Towards better vision
WHEN it comes to caring for your eyes, you cannot start soon enough. This is especially important considering the decline in eye health among young people, which has been attributed to increased use of technological devices.
Lynn Foo, optometrist with the Malaysia Glaucoma Society ( MGS), says she sees more and more cases of myopia ( short- sightedness) among children who are exposed to gadgets as young as three or four years old.
“Urbanisation plays a role in the changing landscape of eye health – in the past, children were encouraged to run around and play outside but now many are content with staying indoors facing screens for extended periods of time,” she explains.
Not only does light from these screens dry up your eyes, it also contributes to the gradual degeneration of the eyes and strains eye muscles, which weakens them over time.
Dr Liau Kok Liang, resident consultant ophthalmologist at Mahkota Medical Centre, advises parents to train their children in protective and hygienic measures, including limiting use of gadgets and maintaining a safe distance when using them as well as reading and doing homework at a comfortable distance from printed material.
Millennials facing smartphone, television or computer screens for hours on end today were the children who were told to keep their distance from the television when they were young.
Studies have proven that this warning is not to be taken lightly due to the long- lasting impact of light exposure.
Data released by eye health group Optegra reveals that those doing office and clerical work are at highest risk of poor eye health compared to those in other sectors, which is unsurprising considering the eyes are continually strained in a modern office environment.
Light can be both bad and good for the eyes, depending on its type and level of exposure. For example, we are advised to read under bright light but at the same time, told to use sunglasses that offer the best protection from ultraviolet ( UV) rays.
“The pupils naturally dilate to allow light to enter the eyes. Without proper protection against harmful rays, lenses are easily damaged with excess exposure to light,” says Foo.
A large part of preventive care is including the right nutrition in your daily diet. According to the Association of Malaysian Optometrists, vitamin E is important for the retina, while long- term consumption of vitamin C helps prevent cataracts.
Antioxidants lutein and zeaxanthin, which can be found in corn, spinach and celery, help filter harmful blue light and quench hazardous free radicals in the macula ( oval yellowish area near centre of the retina, which is the region of greatest visual acuity), which also prevents cataracts. Keeping a balanced diet with fish, meat, grains, fruits and vegetables is the best option.
Maintaining healthy lifestyle habits in general protects the eye because when the body is fit and disease- free, the risk of serious eye complications is reduced.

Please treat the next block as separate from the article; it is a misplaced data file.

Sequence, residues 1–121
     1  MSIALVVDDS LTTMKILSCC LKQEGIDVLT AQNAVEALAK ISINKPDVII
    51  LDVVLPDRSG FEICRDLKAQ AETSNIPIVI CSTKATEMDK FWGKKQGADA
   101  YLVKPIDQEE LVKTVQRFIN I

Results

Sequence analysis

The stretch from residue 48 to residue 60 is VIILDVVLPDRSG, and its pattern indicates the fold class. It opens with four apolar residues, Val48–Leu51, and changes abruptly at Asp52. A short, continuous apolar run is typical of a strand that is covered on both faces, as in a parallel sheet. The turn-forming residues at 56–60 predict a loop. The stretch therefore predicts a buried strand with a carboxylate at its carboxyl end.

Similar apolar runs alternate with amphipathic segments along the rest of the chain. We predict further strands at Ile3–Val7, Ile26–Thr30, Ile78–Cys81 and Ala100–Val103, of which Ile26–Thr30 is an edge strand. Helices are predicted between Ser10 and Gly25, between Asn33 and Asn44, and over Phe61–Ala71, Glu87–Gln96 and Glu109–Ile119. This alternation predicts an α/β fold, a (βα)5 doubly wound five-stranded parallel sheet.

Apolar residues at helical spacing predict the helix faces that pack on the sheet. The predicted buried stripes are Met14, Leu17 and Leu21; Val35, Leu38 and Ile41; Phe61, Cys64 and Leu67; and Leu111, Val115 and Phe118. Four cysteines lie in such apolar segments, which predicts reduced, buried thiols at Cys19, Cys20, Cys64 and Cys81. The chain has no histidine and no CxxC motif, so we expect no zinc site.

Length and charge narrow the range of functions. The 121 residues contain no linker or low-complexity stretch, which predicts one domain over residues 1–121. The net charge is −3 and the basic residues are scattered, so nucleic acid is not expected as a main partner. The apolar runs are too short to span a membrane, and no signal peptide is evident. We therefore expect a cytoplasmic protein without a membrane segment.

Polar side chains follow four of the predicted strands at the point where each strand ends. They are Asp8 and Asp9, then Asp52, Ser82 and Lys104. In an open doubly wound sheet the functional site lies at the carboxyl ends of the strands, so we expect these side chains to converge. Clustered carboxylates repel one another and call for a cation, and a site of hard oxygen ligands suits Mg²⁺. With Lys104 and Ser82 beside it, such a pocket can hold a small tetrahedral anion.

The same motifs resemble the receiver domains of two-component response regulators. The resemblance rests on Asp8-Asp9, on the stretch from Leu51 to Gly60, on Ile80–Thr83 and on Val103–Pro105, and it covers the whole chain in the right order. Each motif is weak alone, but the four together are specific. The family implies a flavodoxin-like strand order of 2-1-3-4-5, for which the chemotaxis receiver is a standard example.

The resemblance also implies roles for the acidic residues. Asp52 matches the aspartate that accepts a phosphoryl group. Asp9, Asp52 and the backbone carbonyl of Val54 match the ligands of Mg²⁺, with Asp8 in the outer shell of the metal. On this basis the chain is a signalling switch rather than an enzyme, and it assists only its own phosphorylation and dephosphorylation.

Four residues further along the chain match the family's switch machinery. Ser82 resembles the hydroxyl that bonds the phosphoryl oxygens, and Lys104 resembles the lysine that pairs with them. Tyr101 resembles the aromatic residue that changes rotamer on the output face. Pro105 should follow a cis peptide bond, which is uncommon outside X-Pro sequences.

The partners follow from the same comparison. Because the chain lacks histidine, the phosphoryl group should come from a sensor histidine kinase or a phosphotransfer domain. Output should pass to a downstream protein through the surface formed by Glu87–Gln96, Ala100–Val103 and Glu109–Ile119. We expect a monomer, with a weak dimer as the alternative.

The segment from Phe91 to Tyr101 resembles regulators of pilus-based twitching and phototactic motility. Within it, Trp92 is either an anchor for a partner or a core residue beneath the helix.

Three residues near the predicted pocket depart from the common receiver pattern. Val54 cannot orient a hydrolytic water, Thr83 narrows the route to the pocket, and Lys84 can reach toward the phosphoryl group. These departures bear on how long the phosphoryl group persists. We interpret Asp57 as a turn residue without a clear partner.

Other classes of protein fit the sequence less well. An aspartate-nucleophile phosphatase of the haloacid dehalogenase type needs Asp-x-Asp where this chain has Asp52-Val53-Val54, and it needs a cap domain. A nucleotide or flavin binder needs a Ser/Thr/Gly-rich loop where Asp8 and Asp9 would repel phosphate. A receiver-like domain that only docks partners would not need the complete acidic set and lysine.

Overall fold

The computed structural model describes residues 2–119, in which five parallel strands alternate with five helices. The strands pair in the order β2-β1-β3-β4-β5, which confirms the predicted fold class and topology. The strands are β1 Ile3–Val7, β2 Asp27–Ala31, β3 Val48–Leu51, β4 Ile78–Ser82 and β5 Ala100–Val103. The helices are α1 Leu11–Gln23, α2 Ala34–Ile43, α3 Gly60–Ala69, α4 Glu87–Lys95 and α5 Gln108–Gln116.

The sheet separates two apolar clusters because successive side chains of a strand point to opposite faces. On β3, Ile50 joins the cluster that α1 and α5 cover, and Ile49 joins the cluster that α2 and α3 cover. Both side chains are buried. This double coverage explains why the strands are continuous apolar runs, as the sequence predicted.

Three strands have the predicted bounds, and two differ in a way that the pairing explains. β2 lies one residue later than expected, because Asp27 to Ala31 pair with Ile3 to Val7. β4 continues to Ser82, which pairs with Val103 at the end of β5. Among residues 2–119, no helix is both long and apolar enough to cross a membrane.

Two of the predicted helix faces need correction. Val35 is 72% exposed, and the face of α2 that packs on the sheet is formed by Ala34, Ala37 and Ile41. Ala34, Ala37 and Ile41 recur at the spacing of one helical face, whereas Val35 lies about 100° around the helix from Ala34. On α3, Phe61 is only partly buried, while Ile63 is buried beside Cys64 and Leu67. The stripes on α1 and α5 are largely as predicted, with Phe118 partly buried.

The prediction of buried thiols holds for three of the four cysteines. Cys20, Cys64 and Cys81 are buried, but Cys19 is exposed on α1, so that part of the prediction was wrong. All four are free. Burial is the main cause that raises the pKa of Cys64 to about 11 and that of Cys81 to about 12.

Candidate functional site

Systemic diseases such as diabetes are closely linked with optical health – this is why diabetic patients must undergo regular checks for diabetic retinopathy, which occurs when retinal blood vessels are damaged by high sugar levels and can lead to blindness.
Besides that, it is important to keep eyes clean to avoid infection. For example, contact lenses must be properly cleaned and stored in a sterile solution and should not be worn for longer periods of time than prescribed.
Foo also warns against the dangerous trend of using uncertified lenses – although they may be cheap and easily accessible, contact lenses sold in night markets and the like often come from unauthorised suppliers. Contact lenses use must be prescribed and monitored by an optometrist.
Steven Chan never had problems with his eyesight before he was diagnosed with glaucoma in 2002.
The condition is characterised by increased intraocular pressure ( occuring in the eyeball), which damages optic nerves to cause gradual blindness – this pressure caused Chan to suffer sudden, terrible headaches.
Within the next five years, he underwent nine surgeries to address this condition. Unfortunately, combined with the effects of diabetic retinopathy, Chan lost his eyesight in 2007.
After this life- changing event, he founded MGS in 2009 to address the lack of public knowledge and action on this eye disease.
This was followed by the formation of Save Our Sight Malaysia ( SOSM) in 2010, a nongovernmental organisation that cares for and supports patients with all types of eye disorders, and the Malaysian chapter of Dialogue in the Dark, an international social enterprise that lets people experience living in
absolute darkness while led by blind guides.
MGS and SOSM have worked with various agencies to bring eye check facilities and services to those in rural communities at high risk of developing eye complications.
According to Chan, these efforts share the aim of raising awareness on eye care and checks, especially among the young and the sick.
“There are 3.2 million diabetics in the country, of which 8% to 10% will lose their eyesight within the next decade,” he explains, adding that the public healthcare system does not place sufficient emphasis on eye health, which is why so many people still take these vital organs for granted.
Ministry of Health Data from 2014 places the ratio of optometrists to the population at 1: 22,450. This ratio, together with meagre optometry offerings in public healthcare, means that Malaysians are left to seek guidance and protection through their own initiative.
Since eye diseases do not typically present symptoms early, you may not be able to clearly identify a complication.
Health professionals recommend attending eye checks at least once every two years or once a year if you have eye problems to take charge of your eyesight before it is